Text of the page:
Enterprises are failing to encrypt tape backups of critical data even as they make plans to secure the primary data, a new survey has found.

According to a survey of US and European company behaviour carried out for encryption specialist Thales, great efforts are being made to use encryption with web servers, desktop email, and even PCs and laptops, which were due for such protection by 8 out of ten of those asked.

But 35 percent were unsure as to whether they would be using encryption of tape backups of this data, with a further 50 percent confused about how encryption keys might be stored. Of fourteen uses of encryption over the next five years, tape encryption only figured in 11th place.

The confusion over encryption key storage was not surprising given that key management appeared to be the main worry holding back implementation of the technology.

So, companies were in danger of encrypting primary data stories but not the tape backups of those stories. Why?

According to Bryta Schulz of Thales, encryption was still seen as to slow to meet the performance demands of backup schedules.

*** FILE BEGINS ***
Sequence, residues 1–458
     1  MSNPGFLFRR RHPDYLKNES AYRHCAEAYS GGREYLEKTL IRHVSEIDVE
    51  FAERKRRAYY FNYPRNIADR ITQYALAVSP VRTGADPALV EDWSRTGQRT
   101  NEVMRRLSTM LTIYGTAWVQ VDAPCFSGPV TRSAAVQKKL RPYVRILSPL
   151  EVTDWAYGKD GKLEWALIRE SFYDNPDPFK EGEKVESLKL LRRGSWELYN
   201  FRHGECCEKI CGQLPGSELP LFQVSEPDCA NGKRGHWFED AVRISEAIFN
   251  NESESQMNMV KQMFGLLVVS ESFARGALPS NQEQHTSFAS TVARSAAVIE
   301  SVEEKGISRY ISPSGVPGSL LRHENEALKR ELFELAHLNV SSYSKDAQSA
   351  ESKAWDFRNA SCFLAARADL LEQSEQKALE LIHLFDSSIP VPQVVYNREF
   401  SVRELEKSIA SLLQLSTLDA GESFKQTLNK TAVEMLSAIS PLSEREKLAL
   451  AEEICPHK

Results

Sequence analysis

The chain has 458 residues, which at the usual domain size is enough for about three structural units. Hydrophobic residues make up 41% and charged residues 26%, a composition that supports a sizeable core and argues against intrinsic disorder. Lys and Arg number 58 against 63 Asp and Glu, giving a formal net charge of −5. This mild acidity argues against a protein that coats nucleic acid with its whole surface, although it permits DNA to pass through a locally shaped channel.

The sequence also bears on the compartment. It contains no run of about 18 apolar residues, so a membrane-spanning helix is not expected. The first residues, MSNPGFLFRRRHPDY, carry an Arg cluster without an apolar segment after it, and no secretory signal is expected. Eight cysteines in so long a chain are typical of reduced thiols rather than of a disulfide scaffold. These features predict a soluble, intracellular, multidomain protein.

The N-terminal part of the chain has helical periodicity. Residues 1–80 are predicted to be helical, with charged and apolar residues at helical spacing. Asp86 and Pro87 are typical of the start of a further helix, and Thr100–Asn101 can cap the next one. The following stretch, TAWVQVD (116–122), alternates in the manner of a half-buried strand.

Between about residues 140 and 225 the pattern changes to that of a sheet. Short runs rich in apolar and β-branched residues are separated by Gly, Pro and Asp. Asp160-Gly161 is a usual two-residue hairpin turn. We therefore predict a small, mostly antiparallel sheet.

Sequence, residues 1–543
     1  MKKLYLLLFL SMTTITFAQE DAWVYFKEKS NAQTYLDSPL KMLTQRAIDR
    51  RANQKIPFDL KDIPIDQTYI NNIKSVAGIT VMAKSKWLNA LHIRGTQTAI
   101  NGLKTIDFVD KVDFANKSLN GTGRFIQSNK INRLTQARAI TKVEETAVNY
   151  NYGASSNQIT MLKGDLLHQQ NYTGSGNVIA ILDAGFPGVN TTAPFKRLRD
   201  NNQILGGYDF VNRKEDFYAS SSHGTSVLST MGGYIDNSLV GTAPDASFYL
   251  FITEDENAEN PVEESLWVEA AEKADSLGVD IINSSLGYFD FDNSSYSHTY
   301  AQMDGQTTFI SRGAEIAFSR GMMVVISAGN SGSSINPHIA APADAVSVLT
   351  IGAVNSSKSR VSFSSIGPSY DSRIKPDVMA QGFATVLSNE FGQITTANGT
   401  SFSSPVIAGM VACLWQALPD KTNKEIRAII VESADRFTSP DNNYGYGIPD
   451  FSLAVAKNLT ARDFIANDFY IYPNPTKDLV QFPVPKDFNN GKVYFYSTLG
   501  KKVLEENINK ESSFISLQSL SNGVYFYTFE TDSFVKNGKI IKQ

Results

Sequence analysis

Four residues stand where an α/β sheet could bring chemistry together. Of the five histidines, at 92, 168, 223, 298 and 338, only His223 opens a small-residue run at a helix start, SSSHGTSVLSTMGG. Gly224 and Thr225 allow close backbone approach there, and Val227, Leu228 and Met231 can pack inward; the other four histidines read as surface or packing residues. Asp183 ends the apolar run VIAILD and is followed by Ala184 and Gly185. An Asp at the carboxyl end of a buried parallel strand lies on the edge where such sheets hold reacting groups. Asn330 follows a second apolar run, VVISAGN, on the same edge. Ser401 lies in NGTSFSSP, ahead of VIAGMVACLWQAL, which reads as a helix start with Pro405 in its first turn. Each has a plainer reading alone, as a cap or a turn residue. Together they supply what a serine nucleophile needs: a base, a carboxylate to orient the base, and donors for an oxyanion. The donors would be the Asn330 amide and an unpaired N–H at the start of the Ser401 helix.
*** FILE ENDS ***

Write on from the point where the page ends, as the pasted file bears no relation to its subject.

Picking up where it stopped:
"Encryption has been added as a feature but admins turn it off because it's too cumbersome," she said. The companies in question often thought they were using encryption even when they turned out not to be. "They have no way to audit this."

"It is encouraging to see that more organisations are proactively securing sensitive data but the survey suggests there is still room for improvement. Most organisations appear to be securing sensitive data in an unplanned and unstructured way leaving both the organisation and data at risk," said Schulz.

The survey is similar in its findings to one carried out by the company in 2005, which uncovered the same anxieties over key management.

Earlier this month, Thales completed its £50.7 million takeover of UK encryption technology vendor nCipher, which has a specific appliance for managing tape encryption key management, called CryptoStor.